GREENVILLE, NC (WITN) - It's Valentine's Day and our hearts are doing some 'heart' work for us today and every day. Coinciding with the loving holiday ever year is the American Heart Association's Heart Month when many groups work to raise awareness for the leading cause of death globally -- heart disease.
Statistics from the American Heart Association show that one million Americans will have a heart attack or die from coronary heart disease this year, and 356,000 cardiac arrests will occur outside the hospital.
Paramedics and EMT's are on the frontlines of this epidemic alongside doctors, nurses and other medical professionals. At Greenville Fire-Rescue, first responders see cardiac calls day in and day out.
Greenville Fire-Rescue Deputy Chief Brock Davenport says that patients often wait until they've been in pain all night or for a length of time until they cannot stand it anymore before calling 911 for help.
"We want you to call us as early as possible to prevent what they say in the business is 'time is muscle' and that's talking about heart muscle so we want to make sure that if you're having signs and symptoms of cardiac which is chest pain that won't go away upon rest, if you're having breathing difficulty, if you're having shortness of breath or issue where you're feeling dizzy when you stand up but it may get better when you sit down, those are all signs and symptoms that it could be something cardiac related and its better to be safe than it is to be sorry," Davenport said.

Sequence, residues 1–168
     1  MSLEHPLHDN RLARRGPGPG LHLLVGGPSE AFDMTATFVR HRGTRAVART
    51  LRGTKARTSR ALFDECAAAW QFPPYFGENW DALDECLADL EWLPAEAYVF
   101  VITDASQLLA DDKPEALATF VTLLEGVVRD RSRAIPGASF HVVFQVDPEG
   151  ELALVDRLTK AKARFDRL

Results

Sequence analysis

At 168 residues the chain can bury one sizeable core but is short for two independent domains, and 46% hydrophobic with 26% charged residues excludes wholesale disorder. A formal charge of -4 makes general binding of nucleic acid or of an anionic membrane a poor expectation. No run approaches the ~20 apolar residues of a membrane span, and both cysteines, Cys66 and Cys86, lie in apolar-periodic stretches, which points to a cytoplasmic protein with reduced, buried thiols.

For the last several years, Greenville Fire-Rescue has embraced hands-only CPR, as dictated by the American Heart Association. Squads are also now using a strategy Davenport describes as "pit-crew CPR" when they arrive to a call for a cardiac arrest -- this means they no longer focus on loading and transporting patients as quickly as possible, but are placing an increased emphasis of providing effective CPR on the scene.
Davenport says the change has increased the likelihood of the patient surviving. Of course, Fire-Rescue officials cannot speak to what happens once a patient arrives at the hospital, but Davenport says that in January of 2018 the department saw a rate of 68% for 'return of spontaneous circulation' on the scene.
Davenport says that the strategy is effective for reviving a patient, but it means crews are spending more time at the scene of cardiac events which often has to be explained to scared families in those moments.
The American Heart Association lists common signs of a heart attack as:
-Chest discomfort and/or discomfort in other areas of the upper body like one or both arms, the back, neck jaw or stomach
-Shortness of breath
-Breaking out in a cold sweat, nausea or lightheadedness
The most common symptom, of course, is chest pain. The American Heart Association notes that women are more likely than men to experience additional symptoms as well.
Don't wait to call 911 for help if you experience any of these symptoms.
You can find additional heart-health resources by visiting the American Heart Association